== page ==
How cloud technology provides a secure and simple gateway to protecting customers’ information
The cashless society seems to be on everybody’s lips these days. With payment methods such as mobile phone-based payments, contactless cards, and online banking on an exponential growth trajectory, your finances are usually managed primarily as numbers on a screen rather than coins in your pocket. Naturally, crime has kept pace and changed tack accordingly, as personal information has become a critical asset and a prime target for cyber-thieves.
The list of organisations whose digital walls of defence have been breached by malware or spyware is expanding at a frightening rate. In the UK over the last 12 months, more than 40% of businesses experienced cyber security breaches. For large businesses, this figure rises to 72%. Many organisations are struggling to keep up with the relentless pace of developments in cyber-criminals’ methods and technology, leaving them vulnerable.
All modern businesses must adopt a digital strategy in order to effectively engage with their customers, but it is also these activities which make them targets for hackers. For e-commerce businesses where payment processing underpins their entire business model, the risk is particularly potent. According to cyber-security firm Shape Security, 80% to 90% of logins to these sites are carried out by criminals using stolen data – this is the highest percentage of any sector.
These organisations must work even harder to gain and keep the trust of their customers. With KPMG reporting that more than half of consumers would either take a long break from shopping with a retailer that suffered a data breach, or stop completely, the perception of security can have tangible effects for businesses’ bottom lines.
How can organisations protect themselves from cyber-crime and reassure their customers that transacting with them is safe?
From the customer’s point of view, they are urged to avoid making transactions on unsecured websites. For businesses, they must also ensure that they adhere to the highest possible security standards across any potential customer touchpoints – including any transactions made over the phone or via engagement with a contact centre.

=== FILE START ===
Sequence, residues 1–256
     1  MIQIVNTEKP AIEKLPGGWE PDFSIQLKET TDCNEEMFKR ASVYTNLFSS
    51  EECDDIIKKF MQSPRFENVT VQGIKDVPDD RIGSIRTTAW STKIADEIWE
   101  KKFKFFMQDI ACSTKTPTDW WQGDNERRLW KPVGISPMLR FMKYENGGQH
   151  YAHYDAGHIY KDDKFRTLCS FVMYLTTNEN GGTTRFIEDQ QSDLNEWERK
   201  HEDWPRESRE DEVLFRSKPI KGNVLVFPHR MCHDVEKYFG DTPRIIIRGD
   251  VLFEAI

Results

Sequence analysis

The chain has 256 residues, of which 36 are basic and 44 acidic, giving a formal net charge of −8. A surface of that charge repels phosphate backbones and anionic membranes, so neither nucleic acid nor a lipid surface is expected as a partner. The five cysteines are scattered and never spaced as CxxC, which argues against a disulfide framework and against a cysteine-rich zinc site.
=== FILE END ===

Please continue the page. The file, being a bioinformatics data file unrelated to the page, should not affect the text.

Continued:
PCI DSS is the highest international standard for payment security, setting out stringent requirements for the processing of sensitive information. This extends to cover how contact centre agents engage with customers making a payment, as well as any associated recordings of calls.
Businesses can easily run into trouble when processing payments over the phone, especially when confronted with regulations that dictate that sensitive information must not be stored by or accessed by agents. Manual measures, such as the ‘stop-and-start’ method which pauses the call recording while customers are providing card details, are ineffective and difficult to implement on a large scale.
However, it can be a lengthy, expensive, and challenging process to implement a level of security around payments that adheres to PCI DSS requirements. As a result, businesses are increasingly looking to cloud-based solutions and established providers which have processes in place, from the infrastructure to the application layer, which are fully compliant, and then can be rolled out quickly and effectively to ensure that all payments are secured. For contact centres, simple wins such as tone muting for recordings and automatically disconnecting an agent for the duration of a customer’s payment detail submission can ensure full compliance and fully protect both the business and its consumers from any sort of fraud.
However, when cyber-criminals unfortunately do succeed, an organisation with a contact centre equipped with flexible inbound and outbound communications across every channel stands at an advantage. Businesses can rapidly set up dedicated helplines, which will help with maintaining the perception of good customer service. With massive increases in contact volume during breaches, contact centres must be able to scale on demand to meet customers’ expectations. A quick and pro-active customer service response to a cyber-security incident can make a large contribution to reducing the overall damage to the brand’s image.